The difficulties derived from the importation custom duties are one of the main obstacles that wine encounters during its travel towards the different countries of the world. In the international scene of exchanges in the wine-growing and wine-producing framework there is a country which is giving an efficient example of management of these difficulties related to custom duties: Chile. It is a country open to exports, which, in its continent is a part of Nafta (North American Free Trade Agreement) and of Mercosur (Southern Common Market). These two agreements ensure that, without paying any custom duties, the Chilean wines can enter strategic markets, such as the United States, Canada, Mexico and the whole continent. In addition to this, the trade policy of the Chilean authorities led to the drawing-up of important trade agreements with the European Union, Japan and China, where the Chilean wines are imported with reduced or zero custom duties, making them in fact much more competitive than the wines from the other supplying countries.
Therefore, Chile does not pay any custom duties towards Brazil, the European Union, the USA and Canada and reduced duties towards China, even ten times less on the cask wine in comparison to the average of competitors. This is one of the reasons of the recent export boom of Chilean wines to these markets, particularly to China, where in few years, the Chileans have become the third suppliers of bottled wine, and in Japan, – where this year in March they outvalued Italy – they were the second suppliers after France. But also in Europe – thanks to the great performances achieved in the last few years in the United Kingdom, Holland, Denmark, Finland, Ireland and Germany – the Chileans are now the first exporters of bottled wines, with a volume permanently over 1 million and 600,000 hectolitres, for a value closer to half billion euro, i.e. equal to the amount totalled together by the USA and New Zealand, second and third partner of the EU. With regard to cask wine, the Chileans are instead in fourth position, for a value of 130 million euro and 1.4 million hectolitres, mostly delivered to the UK and Germany.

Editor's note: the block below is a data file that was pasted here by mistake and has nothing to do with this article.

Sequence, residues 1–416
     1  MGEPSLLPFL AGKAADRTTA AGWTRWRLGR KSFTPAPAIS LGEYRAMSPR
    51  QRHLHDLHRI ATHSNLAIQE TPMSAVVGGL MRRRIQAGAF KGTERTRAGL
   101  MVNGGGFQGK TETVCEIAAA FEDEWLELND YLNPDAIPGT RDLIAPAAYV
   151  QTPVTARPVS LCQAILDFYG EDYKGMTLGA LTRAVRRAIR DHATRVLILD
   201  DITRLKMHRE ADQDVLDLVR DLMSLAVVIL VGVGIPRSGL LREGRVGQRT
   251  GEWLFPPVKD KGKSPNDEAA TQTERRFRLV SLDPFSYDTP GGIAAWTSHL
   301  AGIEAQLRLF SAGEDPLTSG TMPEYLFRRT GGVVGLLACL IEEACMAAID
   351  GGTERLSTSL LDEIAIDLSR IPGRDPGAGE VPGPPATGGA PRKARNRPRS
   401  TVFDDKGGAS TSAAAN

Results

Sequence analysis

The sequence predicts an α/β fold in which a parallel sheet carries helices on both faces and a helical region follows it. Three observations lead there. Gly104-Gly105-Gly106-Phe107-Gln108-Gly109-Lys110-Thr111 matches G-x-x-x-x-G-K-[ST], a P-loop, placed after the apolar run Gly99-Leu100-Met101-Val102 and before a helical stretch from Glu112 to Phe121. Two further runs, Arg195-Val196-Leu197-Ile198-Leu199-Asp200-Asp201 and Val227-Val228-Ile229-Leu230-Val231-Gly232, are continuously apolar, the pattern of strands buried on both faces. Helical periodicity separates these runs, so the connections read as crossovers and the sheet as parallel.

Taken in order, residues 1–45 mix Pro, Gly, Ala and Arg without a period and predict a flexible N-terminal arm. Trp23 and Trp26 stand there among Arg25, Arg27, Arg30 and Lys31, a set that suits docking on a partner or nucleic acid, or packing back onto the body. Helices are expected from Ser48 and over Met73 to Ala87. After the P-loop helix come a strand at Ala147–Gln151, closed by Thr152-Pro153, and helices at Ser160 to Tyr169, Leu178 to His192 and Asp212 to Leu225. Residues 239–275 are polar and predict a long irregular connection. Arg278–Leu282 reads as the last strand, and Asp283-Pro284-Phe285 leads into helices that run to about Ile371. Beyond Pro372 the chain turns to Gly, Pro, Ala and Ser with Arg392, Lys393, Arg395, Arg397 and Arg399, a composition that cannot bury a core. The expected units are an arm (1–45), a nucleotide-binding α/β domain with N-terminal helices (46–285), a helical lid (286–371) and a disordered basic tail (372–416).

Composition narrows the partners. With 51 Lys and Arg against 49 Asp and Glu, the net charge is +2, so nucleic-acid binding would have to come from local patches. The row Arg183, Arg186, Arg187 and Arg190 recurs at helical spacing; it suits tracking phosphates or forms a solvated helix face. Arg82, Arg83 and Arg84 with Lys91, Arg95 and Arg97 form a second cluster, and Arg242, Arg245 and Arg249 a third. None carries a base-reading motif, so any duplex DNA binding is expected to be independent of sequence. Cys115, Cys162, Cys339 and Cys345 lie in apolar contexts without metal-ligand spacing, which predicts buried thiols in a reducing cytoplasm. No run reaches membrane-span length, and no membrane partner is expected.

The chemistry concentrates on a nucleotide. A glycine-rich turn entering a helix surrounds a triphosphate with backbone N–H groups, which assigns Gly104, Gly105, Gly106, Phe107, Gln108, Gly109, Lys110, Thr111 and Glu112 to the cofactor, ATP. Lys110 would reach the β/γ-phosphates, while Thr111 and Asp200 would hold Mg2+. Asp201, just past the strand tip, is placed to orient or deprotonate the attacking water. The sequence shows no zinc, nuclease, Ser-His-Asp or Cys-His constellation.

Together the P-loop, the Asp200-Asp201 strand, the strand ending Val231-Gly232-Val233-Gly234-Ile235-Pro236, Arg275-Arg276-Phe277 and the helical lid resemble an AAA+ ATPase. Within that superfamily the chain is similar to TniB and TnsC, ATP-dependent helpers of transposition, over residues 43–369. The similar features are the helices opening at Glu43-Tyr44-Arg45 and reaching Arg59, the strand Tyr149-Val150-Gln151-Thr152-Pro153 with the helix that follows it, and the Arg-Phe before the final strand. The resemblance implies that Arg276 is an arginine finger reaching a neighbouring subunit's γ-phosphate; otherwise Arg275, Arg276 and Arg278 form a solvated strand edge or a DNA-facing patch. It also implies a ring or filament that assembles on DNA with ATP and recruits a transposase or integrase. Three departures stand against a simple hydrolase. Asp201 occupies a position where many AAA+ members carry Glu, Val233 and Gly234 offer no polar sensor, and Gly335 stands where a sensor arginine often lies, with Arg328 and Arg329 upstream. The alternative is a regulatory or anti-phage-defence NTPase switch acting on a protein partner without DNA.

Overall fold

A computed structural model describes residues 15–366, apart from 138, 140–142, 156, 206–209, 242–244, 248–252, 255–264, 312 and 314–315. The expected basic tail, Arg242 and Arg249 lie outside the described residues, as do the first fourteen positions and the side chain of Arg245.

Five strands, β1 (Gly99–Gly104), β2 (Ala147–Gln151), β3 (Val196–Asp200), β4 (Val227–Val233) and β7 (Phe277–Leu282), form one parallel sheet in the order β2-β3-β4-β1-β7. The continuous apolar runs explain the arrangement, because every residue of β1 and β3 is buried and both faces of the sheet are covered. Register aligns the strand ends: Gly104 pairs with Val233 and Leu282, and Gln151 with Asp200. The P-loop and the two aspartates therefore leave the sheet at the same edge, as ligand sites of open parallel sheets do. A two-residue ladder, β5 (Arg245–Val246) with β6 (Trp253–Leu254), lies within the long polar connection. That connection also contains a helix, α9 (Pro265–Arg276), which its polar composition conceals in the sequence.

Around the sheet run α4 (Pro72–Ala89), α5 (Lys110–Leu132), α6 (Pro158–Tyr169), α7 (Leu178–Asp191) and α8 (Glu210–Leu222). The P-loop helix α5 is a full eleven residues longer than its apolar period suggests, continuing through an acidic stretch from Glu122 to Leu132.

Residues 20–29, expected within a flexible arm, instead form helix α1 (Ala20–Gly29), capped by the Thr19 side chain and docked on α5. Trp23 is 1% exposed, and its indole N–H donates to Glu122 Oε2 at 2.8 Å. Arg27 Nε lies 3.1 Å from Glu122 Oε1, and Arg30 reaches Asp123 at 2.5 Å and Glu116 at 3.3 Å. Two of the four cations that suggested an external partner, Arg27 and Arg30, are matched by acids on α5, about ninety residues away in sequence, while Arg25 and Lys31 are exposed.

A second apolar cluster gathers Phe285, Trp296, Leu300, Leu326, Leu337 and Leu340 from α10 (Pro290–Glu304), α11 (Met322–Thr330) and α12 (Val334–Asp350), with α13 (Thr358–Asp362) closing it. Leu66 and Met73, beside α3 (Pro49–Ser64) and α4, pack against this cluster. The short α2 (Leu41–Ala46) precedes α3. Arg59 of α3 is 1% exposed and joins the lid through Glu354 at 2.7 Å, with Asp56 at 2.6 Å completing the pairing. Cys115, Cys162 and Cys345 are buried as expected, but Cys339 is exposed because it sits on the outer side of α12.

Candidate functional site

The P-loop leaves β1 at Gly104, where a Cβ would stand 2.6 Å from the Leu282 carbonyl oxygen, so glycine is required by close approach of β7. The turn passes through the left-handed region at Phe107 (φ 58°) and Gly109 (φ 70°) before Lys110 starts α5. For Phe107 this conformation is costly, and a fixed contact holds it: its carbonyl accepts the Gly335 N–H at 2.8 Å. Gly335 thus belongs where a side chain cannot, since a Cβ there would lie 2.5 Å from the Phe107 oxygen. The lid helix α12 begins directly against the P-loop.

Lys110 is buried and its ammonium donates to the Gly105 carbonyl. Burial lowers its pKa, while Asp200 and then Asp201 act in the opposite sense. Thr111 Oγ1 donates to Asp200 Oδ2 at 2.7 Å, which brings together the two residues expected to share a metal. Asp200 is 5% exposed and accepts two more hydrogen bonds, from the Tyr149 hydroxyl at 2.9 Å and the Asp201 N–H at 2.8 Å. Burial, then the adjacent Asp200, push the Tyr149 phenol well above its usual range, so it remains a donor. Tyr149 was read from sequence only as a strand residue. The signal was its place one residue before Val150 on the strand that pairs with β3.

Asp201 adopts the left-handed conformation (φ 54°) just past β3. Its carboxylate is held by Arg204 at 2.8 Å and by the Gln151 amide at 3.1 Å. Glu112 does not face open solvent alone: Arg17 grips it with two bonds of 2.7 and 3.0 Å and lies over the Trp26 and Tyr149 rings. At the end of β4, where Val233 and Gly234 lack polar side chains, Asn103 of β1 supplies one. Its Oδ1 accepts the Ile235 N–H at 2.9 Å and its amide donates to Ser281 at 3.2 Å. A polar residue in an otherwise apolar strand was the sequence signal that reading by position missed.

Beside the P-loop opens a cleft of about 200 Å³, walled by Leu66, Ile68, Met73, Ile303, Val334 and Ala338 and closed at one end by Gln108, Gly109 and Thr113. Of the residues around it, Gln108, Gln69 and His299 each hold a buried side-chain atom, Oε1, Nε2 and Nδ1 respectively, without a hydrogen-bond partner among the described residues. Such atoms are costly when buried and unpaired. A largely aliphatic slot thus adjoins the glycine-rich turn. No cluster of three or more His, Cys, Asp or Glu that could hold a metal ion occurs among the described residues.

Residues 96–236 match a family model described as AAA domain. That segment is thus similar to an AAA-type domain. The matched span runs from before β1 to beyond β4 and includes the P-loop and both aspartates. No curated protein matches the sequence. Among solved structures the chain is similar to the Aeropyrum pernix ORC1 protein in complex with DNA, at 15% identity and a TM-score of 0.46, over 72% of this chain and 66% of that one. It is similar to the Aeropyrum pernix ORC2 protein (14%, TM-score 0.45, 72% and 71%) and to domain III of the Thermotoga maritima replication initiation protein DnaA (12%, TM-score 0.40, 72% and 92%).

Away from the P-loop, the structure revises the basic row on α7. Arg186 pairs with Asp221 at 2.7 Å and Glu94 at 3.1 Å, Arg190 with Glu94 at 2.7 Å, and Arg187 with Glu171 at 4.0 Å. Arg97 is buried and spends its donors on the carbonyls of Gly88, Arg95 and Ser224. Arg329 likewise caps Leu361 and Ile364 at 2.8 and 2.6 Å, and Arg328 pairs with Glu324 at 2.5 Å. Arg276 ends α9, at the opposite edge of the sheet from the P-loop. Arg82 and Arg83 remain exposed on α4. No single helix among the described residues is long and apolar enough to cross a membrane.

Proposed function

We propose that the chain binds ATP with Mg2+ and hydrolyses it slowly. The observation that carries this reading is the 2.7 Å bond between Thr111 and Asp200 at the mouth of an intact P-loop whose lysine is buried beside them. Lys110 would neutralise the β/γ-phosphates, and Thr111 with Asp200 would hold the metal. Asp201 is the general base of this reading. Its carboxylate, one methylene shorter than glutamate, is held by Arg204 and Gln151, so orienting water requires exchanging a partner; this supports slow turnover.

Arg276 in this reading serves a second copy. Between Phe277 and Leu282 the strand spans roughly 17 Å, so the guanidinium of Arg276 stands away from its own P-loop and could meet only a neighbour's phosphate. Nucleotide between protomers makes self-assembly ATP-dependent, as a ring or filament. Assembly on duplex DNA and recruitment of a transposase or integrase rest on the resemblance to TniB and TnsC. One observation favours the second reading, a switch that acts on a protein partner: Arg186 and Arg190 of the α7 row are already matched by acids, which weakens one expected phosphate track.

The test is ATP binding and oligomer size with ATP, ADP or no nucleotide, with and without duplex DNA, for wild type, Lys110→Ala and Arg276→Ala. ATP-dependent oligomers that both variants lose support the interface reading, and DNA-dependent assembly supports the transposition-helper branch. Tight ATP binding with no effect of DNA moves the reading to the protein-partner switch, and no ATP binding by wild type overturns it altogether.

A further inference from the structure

Source: Simei (by Vicent Escamilla, Corriere vinicolo)
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